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Old 07-10-2016, 11:02 PM   #28
Join Date: Jun 2016
Posts: 144
Marwhini has just left Hobbiton.
Originally Posted by Nerwen View Post
At least, that's how it appears to me... Maybe I'm misinterpreting you, but then where do "technically" and "usual formulae" come into it?
Technically, as in according the rules they teach at UCLA on Screenwriting.

But that would be applying a roughly 30 minute per chapter formula (using the 9 - 12 hour estimate), given more attention to some details, and visuals. It isn't that hard to squeeze 10 more minutes into each chapter (on average) by simply adding a few seconds into each shot/scene.

That would add up quickly, and would not slow things down significantly.

But why is it "all that needs to be addressed"? I've already pointed out some obvious issues.
The 20 minutes, average, per chapter is all that needs to be considered in getting a six-hour long production (technically six-hours and twenty-minutes).

You don't need to worry about breaking down the page-count, because you can just work to try to make it so that the length each Chapter covers averages out to 20-minutes per chapter.

So you might have some chapters that are dealt with in 15 minutes (or maybe even 10-minutes or less), and some chapters that are dealt with in 25-minutes to 30-minutes (or longer).

As you keep pointing out, pacing for the chapters will be different, allowing some things to be dealt with rather quickly, and other things that might need greater exposition, visualization, or narrative.

With 19 chapters, times 20-minutes per chapter, that is 380-minutes, or 6.33 Hours.

Leaving each "Episode" at roughly 2.11 hours, on average (or roughly 127 minutes each, minus credits, and any Intro).

Depends entirely on what happens in the chapter. All they do in the first one is have dinner- and in fact that *was* treated at length in AUJ and is perhaps the single thing in that film to have drawn the most criticism.

That's the basic point I'm trying to get across. *Pacing* is very important in a film. Why do you think "The Hobbit"- a fairly typical novel- is suitable for a 1:1 adaptation?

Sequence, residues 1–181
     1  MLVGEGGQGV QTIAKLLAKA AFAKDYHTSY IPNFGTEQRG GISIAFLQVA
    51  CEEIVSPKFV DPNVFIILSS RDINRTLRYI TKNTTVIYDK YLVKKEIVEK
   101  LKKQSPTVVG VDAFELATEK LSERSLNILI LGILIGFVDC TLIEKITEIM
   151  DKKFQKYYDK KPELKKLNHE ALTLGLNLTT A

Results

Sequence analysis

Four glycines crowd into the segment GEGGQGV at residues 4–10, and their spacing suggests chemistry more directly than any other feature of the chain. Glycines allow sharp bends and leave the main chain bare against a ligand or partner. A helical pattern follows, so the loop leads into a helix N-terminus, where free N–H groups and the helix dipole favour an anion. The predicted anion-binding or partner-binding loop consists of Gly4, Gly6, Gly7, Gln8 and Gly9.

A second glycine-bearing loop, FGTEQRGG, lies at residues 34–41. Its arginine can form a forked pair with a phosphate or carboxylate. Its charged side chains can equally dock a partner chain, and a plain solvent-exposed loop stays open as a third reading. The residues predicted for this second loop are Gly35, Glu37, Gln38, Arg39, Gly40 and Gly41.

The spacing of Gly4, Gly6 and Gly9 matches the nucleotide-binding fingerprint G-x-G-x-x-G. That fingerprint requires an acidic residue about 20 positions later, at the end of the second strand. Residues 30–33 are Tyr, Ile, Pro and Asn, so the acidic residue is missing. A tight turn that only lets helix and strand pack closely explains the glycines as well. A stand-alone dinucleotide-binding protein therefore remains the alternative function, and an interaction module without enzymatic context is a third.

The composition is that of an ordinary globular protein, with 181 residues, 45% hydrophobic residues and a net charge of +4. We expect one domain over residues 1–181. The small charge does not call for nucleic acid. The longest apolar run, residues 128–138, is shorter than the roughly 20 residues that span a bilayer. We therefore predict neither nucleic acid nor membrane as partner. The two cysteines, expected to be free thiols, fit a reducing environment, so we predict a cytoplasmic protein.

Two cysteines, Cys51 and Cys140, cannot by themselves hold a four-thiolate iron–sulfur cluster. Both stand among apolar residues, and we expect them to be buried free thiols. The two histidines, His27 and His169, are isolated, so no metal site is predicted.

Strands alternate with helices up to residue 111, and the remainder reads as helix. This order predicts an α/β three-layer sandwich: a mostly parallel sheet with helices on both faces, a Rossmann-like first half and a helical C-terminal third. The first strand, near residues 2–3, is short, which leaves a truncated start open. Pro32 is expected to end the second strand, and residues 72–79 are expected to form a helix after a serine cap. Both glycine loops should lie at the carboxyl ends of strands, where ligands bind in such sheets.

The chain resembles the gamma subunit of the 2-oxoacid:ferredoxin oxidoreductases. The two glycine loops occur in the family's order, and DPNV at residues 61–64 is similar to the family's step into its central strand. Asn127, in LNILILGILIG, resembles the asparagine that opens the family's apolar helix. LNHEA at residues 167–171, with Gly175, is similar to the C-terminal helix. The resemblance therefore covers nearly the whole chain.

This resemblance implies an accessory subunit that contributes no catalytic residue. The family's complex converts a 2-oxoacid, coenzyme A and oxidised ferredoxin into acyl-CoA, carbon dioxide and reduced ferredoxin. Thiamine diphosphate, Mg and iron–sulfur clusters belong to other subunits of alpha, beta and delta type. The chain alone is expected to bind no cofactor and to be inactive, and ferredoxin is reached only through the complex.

The 1:1 is an AVERAGE, meaning that not every page is going to result in a full-minute.

But that is averages out for such.

That is why it is called a "heuristic" (meaning "Rule of Thumb" or "best guess" or "approximation" - technically it is Greek for "That which is found by accident/unusual").

Some pages of the Novel might not warrant more than a few seconds of screen-time.

While others might warrant five minutes of screen-time.

The point being that when all is said-and-done, they average out to about 1-minute per page.

That is pretty much the rule (Heuristic) that they work toward, or use when dealing with estimating how much screen-time is going to be created for a given script.

The estimation might not work out to be 100% accurate, but when you take a long at all movies produced, and compare their length to the script that produced them, you get that relative 1:1 rule (page of script per minute of scene/screen-time).

When estimating a budget for a production, that is how Film is bought, and how to estimate production budgets. I have only taken a few Film Classes, mostly dealing with VFX and Writing. But it is a subject that I have had to go over when looking at how much it is going to cost us to shoot the documentary we hope to do in the next couple of years.

The budget might go over, or under that estimate, but that is what they use to get a "bust guess" when looking at financing a production. And it seems to be pretty reliable, assuming that you have records of the average number of takes for a scene that your director usually uses; with a new director, you have to just make a best guess there, but they have a heuristic for that too (never having wanted to Direct, I never looked into it).

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